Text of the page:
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MLB Trade Deadline Profile: San Francisco Giants reliever Sam Dyson

DENVER, COLORADO - MAY 09: Pitcher Sam Dyson #49 of the San Francisco Giants throws at in the eighth inning against the Colorado Rockies at Coors Field on May 08, 2019 in Denver, Colorado. (Photo by Matthew Stockman/Getty Images)
DENVER, COLORADO - MAY 09: Pitcher Sam Dyson #49 of the San Francisco Giants throws at in the eighth inning against the Colorado Rockies at Coors Field on May 08, 2019 in Denver, Colorado. (Photo by Matthew Stockman/Getty Images) /
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The San Francisco Giants are poised to be one of the most active teams at this year’s MLB trade deadline.

Despite a 9-3 record in their last 12 games and a 4.5-game deficit in the wild-card standings, the San Francisco Giants still look like sellers as we approach the MLB trade deadline.

After all, they are still six games under .500 in last place in the NL West standings, and they have seven teams to hurdle in the wild-card standings to climb into the No. 2 spot.

With one eye already fixed on the future, a brief window of success in a rebuilding year can’t cause them to deviate from their long-term plans.

To that point, there are a number of potential trade chips on the roster, and the team has a prime opportunity to bolster the farm system over the next two weeks.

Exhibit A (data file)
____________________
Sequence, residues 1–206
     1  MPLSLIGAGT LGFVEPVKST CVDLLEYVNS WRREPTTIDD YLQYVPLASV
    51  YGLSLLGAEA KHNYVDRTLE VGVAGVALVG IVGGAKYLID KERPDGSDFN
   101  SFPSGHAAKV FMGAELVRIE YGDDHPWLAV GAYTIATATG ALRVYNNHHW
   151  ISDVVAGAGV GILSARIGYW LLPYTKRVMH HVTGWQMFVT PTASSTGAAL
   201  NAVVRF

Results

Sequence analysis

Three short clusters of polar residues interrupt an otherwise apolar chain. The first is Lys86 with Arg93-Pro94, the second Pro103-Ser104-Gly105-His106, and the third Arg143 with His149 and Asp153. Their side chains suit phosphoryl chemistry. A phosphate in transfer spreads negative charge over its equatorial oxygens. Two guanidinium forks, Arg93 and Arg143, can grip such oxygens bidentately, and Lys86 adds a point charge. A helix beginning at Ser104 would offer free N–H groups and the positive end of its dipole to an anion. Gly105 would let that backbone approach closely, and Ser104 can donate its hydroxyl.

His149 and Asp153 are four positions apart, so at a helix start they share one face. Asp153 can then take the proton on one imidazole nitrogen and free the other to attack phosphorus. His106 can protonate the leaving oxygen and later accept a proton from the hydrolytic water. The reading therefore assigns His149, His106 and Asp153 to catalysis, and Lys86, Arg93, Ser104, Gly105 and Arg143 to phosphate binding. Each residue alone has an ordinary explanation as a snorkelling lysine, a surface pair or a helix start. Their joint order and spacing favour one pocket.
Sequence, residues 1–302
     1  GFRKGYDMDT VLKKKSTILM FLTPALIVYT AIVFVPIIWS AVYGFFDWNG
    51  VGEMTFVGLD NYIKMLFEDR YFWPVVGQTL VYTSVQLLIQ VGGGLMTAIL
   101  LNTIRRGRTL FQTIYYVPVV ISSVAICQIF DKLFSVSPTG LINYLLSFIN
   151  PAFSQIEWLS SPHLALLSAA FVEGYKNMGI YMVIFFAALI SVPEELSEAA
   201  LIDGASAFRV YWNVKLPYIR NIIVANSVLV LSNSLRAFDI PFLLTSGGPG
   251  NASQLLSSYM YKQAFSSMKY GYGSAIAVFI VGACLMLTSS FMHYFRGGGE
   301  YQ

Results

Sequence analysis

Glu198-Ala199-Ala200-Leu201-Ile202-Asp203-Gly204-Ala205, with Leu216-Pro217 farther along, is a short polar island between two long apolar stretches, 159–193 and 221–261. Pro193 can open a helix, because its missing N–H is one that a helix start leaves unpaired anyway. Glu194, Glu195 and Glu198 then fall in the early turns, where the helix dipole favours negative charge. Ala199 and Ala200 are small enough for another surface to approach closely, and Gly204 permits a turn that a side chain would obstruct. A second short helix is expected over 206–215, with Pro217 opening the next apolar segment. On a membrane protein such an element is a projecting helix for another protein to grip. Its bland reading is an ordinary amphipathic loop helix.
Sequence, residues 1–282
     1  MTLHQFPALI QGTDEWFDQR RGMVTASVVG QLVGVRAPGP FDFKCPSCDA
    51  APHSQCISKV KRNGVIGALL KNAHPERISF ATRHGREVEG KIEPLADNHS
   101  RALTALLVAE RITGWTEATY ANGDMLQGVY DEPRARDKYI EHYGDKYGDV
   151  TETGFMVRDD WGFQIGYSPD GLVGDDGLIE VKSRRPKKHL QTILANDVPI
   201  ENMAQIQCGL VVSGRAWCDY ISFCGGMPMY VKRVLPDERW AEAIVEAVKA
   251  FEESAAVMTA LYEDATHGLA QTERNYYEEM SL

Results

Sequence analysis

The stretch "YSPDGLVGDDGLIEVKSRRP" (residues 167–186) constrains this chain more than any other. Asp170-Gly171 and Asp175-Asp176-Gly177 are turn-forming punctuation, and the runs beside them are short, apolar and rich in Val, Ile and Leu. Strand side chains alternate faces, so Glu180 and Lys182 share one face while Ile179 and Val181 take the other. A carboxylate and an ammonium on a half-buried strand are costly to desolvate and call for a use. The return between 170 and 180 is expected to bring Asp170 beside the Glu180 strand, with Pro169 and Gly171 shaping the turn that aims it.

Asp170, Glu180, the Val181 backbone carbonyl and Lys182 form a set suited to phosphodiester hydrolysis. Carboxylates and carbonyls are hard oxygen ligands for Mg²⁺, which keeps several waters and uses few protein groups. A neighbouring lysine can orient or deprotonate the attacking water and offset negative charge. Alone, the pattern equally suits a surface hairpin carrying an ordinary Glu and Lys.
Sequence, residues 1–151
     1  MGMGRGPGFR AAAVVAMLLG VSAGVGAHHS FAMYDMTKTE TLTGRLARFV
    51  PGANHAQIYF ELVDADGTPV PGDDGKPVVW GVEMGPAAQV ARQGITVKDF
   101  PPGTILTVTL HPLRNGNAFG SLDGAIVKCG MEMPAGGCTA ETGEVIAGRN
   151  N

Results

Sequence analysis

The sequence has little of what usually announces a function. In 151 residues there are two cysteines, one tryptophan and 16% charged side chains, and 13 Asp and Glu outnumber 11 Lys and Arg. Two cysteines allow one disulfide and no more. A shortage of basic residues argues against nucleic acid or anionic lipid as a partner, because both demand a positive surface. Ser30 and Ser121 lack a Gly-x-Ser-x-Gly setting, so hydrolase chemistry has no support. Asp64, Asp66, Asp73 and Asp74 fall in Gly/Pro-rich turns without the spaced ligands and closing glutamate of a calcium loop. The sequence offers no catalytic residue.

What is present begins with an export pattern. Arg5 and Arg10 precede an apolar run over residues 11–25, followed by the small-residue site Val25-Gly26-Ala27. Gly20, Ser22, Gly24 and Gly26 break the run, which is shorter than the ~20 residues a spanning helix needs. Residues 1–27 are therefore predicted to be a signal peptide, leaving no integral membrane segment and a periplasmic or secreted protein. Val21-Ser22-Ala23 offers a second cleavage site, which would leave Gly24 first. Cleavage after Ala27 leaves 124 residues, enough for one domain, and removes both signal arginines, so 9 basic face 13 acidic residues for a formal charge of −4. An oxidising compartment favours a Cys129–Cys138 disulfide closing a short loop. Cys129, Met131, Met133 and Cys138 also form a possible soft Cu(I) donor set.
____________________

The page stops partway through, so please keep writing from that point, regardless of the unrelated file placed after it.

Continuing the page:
Setup reliever Sam Dyson is one such trade chip.

After a breakout 2016 season where he saved 38 games while posting a 2.43 ERA and 1.22 WHIP in 73 appearances, he was shelled to the tune of a 10.80 ERA with four consecutive blown saves to start the 2017 season.

The Texas Rangers designated him for assignment as a result, and the San Francisco Giants wisely bought low, acquiring him in exchange for outfielder Hunter Cole.

He had a 4.03 ERA with 14 saves in 17 chances following the trade, and he’s since settled in as a reliable setup man.

Here’s a look at his numbers the past two seasons:

  • 2018: 74 G, 15 HLD, 2.69 ERA, 1.08 WHIP, 2.6 BB/9, 7.2 K/9
  • 2019: 42 G, 14 HLD, 2.86 ERA, 0.98 WHIP, 1.2 BB/9, 8.2 K/9

Not only has he been a reliable late-inning option this year bridging the gap to closer Will Smith, but he also has team control through the 2020 season, so he’s more than just a rental.

So what is the reason for his success?

For starters, his 3.5 percent walk rate is the best of his career and ranks in the 97th percentile leaguewide, according to Baseball Savant. His opponent’s exit velocity of also ranks in the 84th percentile, as he’s been tough to square up all season.

He’s not without some red flags, though.

Take a look at his home/road splits:

  • Home: 21 G, 23.1 IP, 0.39 ERA, 0.73 WHIP, .188 BAA
  • Road: 21 G, 20.2 IP, 5.66 ERA, 1.26 WHIP, .275 BAA

While the three earned runs he allowed without getting an out in his last appearance on the road against the Milwaukee Brewers inflated his road numbers a bit, the point still stands.

He’s also already making $5 million this season with a decent bump coming in his final year of arbitration. He’s not overpaid by any means, but he’s far from a low-cost option.

All of this will need to be taken into account by contenders eyeing him as a potential trade chip.

If he does stay put, there’s a good chance he would be first in line to step into the closer’s role likely to be vacated by Will Smith. A strong showing in the ninth inning could increase his value heading into the offseason.

Next. MLB-ready trade deadline targets (Part 1)

The San Francisco Giants have some big decisions to make leading up to the MLB trade deadline, and the asking price they place on Sam Dyson will be among them.

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